2004 — Suicide Prevention Research and Enhancing Veteran Engagement: building trust, cohesion, and collaboration
Lead/Presenter: Leah Wendleton,
All Authors: Wendleton LR (Denver/Seattle COIN, Rocky Mountain MIRECC for Suicide Prevention) Hoffmire CA (Rocky Mountain MIRECC for Suicide Prevention) Drop S (ASCEND Veteran Engagement Board) Flower M (ASCEND Veteran Engagement Board) Nolan JP (ASCEND Veteran Engagement Board) Parham C (ASCEND Veteran Engagement Board) Jones R (ASCEND Veteran Engagement Board) Monteith LL (Rocky Mountain MIRECC for Suicide Prevention)
To ensure the Assessing Social and Community Environments with National Data (ASCEND) survey is relevant to Veteransâ€™ needs and preferences, Veteran engagement has been included as an integral component from project inception. A diverse, project-specific Veteran Engagement Board (VEB) was convened to partner with the researchers during project development. This Poster will describe the specific strengths of Veteran Engagement in survey-based research.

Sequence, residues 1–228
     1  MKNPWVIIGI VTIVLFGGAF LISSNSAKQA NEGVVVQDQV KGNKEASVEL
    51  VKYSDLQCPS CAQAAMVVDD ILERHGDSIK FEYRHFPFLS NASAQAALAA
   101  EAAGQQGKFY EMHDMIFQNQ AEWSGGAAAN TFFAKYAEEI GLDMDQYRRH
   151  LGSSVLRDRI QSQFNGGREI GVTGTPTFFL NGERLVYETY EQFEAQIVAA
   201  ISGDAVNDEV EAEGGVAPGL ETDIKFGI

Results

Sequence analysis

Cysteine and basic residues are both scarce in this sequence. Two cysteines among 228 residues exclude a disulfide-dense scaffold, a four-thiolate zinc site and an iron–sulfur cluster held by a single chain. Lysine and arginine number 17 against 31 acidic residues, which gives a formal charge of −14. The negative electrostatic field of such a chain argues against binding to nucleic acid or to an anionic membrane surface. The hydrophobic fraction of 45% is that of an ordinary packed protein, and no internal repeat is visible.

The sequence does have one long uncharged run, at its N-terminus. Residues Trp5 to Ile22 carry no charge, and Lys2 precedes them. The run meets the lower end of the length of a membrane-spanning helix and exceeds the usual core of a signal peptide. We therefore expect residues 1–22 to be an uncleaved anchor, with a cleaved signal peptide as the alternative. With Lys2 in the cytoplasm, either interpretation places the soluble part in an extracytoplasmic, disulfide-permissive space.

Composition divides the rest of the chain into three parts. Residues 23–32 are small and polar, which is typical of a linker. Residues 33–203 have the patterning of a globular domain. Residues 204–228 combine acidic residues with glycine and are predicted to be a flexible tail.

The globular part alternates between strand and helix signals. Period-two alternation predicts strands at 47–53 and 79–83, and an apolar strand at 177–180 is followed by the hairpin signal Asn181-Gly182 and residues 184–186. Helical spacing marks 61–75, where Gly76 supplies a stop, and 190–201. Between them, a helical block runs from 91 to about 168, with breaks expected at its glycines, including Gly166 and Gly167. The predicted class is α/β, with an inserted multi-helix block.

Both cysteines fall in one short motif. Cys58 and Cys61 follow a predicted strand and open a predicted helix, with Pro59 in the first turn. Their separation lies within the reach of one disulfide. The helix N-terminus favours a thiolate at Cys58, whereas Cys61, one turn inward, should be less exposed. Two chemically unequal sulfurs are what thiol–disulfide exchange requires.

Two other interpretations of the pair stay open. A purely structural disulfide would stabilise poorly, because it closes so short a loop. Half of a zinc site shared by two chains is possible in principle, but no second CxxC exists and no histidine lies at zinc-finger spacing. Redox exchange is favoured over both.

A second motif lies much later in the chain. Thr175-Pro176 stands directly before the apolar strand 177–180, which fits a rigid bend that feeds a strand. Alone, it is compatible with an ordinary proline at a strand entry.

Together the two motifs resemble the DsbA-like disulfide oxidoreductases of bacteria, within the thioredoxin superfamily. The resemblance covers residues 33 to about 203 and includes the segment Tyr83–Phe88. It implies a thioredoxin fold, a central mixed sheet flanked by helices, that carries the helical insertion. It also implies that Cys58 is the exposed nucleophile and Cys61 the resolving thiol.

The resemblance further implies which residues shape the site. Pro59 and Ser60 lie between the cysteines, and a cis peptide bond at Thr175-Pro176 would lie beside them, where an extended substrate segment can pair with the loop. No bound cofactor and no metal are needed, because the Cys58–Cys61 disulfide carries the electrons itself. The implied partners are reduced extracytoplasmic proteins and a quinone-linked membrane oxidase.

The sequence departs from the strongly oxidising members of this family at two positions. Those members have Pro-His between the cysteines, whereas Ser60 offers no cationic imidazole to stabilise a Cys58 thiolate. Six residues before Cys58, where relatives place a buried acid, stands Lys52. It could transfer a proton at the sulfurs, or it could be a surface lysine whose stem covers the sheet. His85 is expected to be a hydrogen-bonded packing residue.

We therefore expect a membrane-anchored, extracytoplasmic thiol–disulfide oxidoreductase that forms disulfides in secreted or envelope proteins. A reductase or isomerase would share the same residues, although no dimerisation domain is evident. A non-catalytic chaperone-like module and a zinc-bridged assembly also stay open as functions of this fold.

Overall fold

The ASCEND for Veteran Suicide Prevention project seeks to develop and implement a survey-based surveillance system to understand prevalence, trends and drivers of non-fatal suicidal self-directed violence (NF-SSDV; e.g., suicide attempt, suicidal ideation) in the Veteran population. ASCEND is grounded in the social-ecological model for suicide prevention and addresses suicide risk among Veterans, including those who do and do not use Department of Veterans Affairs (VA) healthcare.
The ASCEND VEB was formed in 2019, shortly after project initiation. The VEB meets monthly with ASCEND investigators for project updates and to contribute their individual perspectives on various aspects of the project, such as feedback on the survey instrument, recruitment materials, and dissemination of findings to Veteran audiences.
To date, ASCEND VEB members have contributed to strengthening communication with potential Veteran participants through suggestions regarding the language of the outward-facing materials and approaches to contacting participants. Members suggested refining survey wording and placement of questions regarding potentially sensitive survey topics (e.g., firearms and suicidal self-directed violence). VEB members have also contributed their individual perspectives regarding current events as the investigators considered potential additions to the survey in the wake of national and global events.
This ongoing collaboration is important because it highlights the benefits of Veteran Engagement to survey research.